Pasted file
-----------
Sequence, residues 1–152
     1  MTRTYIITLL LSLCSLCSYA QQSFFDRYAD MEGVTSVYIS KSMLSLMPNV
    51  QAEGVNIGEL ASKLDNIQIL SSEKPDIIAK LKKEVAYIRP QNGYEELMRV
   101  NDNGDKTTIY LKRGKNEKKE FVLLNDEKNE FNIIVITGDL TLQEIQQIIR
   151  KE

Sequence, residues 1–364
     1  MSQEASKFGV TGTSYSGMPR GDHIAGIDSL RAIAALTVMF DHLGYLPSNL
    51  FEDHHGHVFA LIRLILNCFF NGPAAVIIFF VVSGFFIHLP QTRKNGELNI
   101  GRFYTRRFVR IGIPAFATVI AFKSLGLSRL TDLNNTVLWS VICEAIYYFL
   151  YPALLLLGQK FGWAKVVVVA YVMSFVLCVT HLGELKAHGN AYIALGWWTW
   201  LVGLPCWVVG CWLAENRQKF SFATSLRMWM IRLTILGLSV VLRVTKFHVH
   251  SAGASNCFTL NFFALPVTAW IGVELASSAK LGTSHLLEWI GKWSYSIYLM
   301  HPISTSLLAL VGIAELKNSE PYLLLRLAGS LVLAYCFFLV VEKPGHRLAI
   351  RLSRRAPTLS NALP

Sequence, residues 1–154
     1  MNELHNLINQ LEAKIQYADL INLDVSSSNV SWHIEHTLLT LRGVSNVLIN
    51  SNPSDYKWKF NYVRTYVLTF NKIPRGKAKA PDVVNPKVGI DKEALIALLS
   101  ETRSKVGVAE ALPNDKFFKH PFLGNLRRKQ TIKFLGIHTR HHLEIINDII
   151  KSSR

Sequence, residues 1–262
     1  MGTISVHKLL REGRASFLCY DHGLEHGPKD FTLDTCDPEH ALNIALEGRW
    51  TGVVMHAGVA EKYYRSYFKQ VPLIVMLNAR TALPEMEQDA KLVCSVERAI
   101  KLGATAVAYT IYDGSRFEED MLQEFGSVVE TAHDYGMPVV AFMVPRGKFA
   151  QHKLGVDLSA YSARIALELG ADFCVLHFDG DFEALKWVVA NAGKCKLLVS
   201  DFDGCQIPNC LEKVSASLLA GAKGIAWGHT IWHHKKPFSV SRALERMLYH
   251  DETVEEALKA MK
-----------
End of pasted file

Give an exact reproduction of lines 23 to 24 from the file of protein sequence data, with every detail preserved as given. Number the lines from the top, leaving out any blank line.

   101  KLGATAVAYT IYDGSRFEED MLQEFGSVVE TAHDYGMPVV AFMVPRGKFA
   151  QHKLGVDLSA YSARIALELG ADFCVLHFDG DFEALKWVVA NAGKCKLLVS